180 results found
Miller DM, Findlay HE, Ces O, et al., 2016, Light-activated control of protein channel assembly mediated by membrane mechanics, Nanotechnology, Vol: 27, Pages: 1-10, ISSN: 1361-6528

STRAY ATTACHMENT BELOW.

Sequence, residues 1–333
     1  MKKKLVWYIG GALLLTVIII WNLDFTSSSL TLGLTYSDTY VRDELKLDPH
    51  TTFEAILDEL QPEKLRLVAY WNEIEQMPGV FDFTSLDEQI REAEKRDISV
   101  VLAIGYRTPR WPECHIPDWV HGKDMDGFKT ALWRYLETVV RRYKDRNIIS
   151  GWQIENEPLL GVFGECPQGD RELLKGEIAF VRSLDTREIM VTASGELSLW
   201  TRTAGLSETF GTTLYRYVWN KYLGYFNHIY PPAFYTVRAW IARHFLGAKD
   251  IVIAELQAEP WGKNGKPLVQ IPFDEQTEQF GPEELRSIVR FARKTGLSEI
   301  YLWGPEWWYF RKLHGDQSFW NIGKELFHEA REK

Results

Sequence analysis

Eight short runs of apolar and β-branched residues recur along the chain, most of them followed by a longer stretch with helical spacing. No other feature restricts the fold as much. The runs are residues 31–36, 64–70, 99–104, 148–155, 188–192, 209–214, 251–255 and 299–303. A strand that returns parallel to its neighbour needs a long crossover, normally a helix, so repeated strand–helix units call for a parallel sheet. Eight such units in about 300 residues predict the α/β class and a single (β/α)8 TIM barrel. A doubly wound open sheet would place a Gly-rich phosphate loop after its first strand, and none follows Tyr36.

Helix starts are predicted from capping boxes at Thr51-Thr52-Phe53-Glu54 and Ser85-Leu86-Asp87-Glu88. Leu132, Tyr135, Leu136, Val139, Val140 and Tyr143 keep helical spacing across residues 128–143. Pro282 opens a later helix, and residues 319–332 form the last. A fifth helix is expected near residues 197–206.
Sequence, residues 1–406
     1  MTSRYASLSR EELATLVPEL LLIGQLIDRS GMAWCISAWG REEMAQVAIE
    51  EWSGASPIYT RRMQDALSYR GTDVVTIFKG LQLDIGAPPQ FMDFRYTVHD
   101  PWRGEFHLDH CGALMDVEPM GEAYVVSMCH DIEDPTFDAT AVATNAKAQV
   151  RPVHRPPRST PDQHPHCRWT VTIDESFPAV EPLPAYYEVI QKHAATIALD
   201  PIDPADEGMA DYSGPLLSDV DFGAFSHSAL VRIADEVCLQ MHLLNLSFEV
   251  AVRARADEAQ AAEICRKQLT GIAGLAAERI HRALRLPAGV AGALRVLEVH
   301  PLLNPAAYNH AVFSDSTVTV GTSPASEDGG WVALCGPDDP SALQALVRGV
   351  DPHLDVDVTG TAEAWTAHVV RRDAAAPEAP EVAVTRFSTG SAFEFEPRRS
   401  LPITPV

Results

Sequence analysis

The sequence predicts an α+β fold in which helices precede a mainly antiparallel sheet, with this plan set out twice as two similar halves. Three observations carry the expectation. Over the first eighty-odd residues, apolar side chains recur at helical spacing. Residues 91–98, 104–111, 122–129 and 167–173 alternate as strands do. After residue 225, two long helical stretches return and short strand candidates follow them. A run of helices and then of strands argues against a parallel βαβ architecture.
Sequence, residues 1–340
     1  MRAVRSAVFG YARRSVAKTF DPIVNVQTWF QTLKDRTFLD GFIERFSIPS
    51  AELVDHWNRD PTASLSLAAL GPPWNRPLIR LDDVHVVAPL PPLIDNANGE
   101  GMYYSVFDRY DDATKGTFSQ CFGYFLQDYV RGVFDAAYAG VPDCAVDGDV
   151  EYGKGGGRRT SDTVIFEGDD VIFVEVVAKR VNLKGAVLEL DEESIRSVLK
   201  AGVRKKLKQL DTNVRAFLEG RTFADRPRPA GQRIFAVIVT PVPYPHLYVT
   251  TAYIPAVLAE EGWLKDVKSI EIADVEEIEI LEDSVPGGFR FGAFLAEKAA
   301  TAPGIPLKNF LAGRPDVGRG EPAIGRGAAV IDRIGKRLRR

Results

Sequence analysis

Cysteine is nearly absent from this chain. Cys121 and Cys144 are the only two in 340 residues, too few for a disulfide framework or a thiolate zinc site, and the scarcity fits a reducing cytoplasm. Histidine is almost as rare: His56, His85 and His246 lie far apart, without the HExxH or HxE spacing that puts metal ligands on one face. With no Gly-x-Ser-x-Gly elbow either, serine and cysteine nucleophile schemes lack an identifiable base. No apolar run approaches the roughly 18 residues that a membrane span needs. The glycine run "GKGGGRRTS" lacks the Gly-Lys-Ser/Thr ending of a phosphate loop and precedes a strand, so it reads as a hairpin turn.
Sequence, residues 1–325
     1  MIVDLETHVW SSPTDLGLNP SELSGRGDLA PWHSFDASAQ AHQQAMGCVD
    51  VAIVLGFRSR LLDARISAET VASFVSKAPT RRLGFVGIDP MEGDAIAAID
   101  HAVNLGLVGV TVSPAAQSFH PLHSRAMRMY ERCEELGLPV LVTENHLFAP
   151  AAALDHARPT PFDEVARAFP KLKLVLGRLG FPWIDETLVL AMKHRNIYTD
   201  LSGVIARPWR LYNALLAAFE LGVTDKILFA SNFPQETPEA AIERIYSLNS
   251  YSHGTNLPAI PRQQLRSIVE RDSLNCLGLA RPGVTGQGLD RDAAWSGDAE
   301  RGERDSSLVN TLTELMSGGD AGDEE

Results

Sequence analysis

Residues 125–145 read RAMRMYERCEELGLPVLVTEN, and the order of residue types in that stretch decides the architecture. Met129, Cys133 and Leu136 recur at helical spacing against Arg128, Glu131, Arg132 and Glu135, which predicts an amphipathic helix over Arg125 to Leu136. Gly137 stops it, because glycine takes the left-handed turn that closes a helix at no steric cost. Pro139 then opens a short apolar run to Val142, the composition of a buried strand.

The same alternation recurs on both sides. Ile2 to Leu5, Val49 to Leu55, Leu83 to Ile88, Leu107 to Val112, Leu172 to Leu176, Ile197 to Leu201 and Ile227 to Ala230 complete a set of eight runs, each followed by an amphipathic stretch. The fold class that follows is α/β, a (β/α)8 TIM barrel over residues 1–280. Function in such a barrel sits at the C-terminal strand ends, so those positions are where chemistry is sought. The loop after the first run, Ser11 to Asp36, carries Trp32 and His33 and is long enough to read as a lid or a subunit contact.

Photochemical processes provide versatile triggers of chemical reactions. Here, we use a photoactivated lipid switch to modulate the folding and assembly of a protein channel within a model biological membrane. In contrast to the information rich field of water-soluble protein folding, there is only a limited understanding of the assembly of proteins that are integral to biological membranes. It is however possible to exploit the foreboding hydrophobic lipid environment and control membrane protein folding via lipid bilayer mechanics. Mechanical properties such as lipid chain lateral pressure influence the insertion and folding of proteins in membranes, with different stages of folding having contrasting sensitivities to the bilayer properties. Studies to date have relied on altering bilayer properties through lipid compositional changes made at equilibrium, and thus can only be made before or after folding. We show that light-activation of photoisomerisable di-(5-[[4-(4-butylphenyl)azo]phenoxy]pentyl)phosphate (4-Azo-5P) lipids influences the folding and assembly of the pentameric bacterial mechanosensitive channel MscL. The use of a photochemical reaction enables the bilayer properties to be altered during folding, which is unprecedented. This mechanical manipulation during folding, allows for optimisation of different stages of the component insertion, folding and assembly steps within the same lipid system. The photochemical approach offers the potential to control channel assembly when generating synthetic devices that exploit the mechanosensitive protein as a nanovalve.